This website contains information for beginning teachers based on interviews with the 53 winners of the 1997 Sallie Mae First Class Teacher Awards. The information included in this site is basically a booklet which has been uploaded to the Web to help beginning teachers be successful in their new careers. Reflections about their working relationships with veteran teachers, principals, parents, and college/university faculty are crafted into a booklet of information, advice, and tips for fellow first-year teachers.
Type of Material:
First-year teachers or student/intern teachers could read and discuss the content of this booklet during or prior to a workshop or seminar where the goal was to offer support for novices in the classroom. Also, parts of this booklet could be used throughout the year as a starting point for discussions.
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Identify Major Learning Goals:
The major learning goal of this site is to provide information to beginning teachers that will help make their first year of teaching a smooth transition from student teacher to teacher, and to provide suggestions that will help first-year teachers take advantage of the resources around them so that they will feel supported and remain in the classroom.
Target Student Population:
First-year teachers are the target audience, but this information is also useful for student teachers or interns and for master or mentors or cooperating teachers.
Prerequisite Knowledge or Skills:
These web pages contain practical information, tips, and advice for novice teachers about how to build relationships and work with veteran teachers, principals, parents, and college/university education professors. The goal is to make use of the expertise, experience, and support these people can offer to help new teachers stay in the classroom during the induction period. It relates motivational (positive) information, as well as less than memorable (negative) situations. The fact that this advice comes form winners of the Sallie Mae First Class Teacher Awards in 1997 makes it that much more credible for the intended audience. Many quotes in the form of stories and personal experiences make the content real for beginning teachers. A bulleted summary of tips is found at the bottom of each page. Also, a list of web resources of teachers on a page called Help Desk: Resources for First-Year Teachers is a nice addition. Finally, the entire document appears to be free of educational jargon and specific acronyms, so the content is easily understandable for teachers from across multiple school districts and states.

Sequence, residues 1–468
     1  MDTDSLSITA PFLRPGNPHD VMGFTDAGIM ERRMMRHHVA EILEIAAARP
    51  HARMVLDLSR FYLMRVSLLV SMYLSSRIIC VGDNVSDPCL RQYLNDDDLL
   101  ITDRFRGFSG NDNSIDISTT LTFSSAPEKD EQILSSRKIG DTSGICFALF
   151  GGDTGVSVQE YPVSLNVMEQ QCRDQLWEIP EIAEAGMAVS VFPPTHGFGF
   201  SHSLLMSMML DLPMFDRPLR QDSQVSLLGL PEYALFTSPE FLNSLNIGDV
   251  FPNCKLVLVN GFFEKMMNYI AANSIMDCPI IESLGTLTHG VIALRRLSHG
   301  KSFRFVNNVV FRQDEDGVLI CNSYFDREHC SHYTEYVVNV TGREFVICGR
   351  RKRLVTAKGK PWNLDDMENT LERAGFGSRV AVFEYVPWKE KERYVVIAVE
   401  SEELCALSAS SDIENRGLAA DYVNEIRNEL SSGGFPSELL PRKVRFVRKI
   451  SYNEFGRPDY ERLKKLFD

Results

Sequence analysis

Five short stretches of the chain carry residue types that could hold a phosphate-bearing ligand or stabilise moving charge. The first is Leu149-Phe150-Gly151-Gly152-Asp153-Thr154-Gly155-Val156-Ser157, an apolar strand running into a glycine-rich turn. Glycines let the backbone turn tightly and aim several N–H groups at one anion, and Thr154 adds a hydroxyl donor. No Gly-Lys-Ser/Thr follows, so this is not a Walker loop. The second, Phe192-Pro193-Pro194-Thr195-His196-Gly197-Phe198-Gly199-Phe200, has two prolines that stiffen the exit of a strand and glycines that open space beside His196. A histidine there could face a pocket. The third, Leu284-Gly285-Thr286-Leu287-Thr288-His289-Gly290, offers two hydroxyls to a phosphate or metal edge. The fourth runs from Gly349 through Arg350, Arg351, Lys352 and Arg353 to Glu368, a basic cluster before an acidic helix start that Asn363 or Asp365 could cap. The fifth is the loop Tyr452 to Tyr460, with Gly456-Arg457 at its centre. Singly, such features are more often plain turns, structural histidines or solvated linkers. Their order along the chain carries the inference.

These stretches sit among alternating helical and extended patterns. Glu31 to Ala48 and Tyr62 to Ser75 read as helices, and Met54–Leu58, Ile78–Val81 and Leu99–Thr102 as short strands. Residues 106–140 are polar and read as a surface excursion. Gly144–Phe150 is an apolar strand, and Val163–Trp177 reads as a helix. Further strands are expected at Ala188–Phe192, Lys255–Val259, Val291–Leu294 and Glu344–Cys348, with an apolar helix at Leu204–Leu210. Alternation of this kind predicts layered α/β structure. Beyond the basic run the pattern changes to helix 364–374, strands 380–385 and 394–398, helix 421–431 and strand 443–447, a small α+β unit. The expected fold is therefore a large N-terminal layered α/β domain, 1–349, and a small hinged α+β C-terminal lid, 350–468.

While the content of this booklet is practical, heartfelt, and authentic, there are many other issues related to supporting novice teachers that this booklet does not include. For example, information that focuses on the main concerns of beginning teachers would be as valuable. According to Veenman (1986) these concerns are classroom management, student motivation, and meeting the needs of individual students. It seems as if this site should also be appropriate for use by student teachers, master teachers, mentor teachers,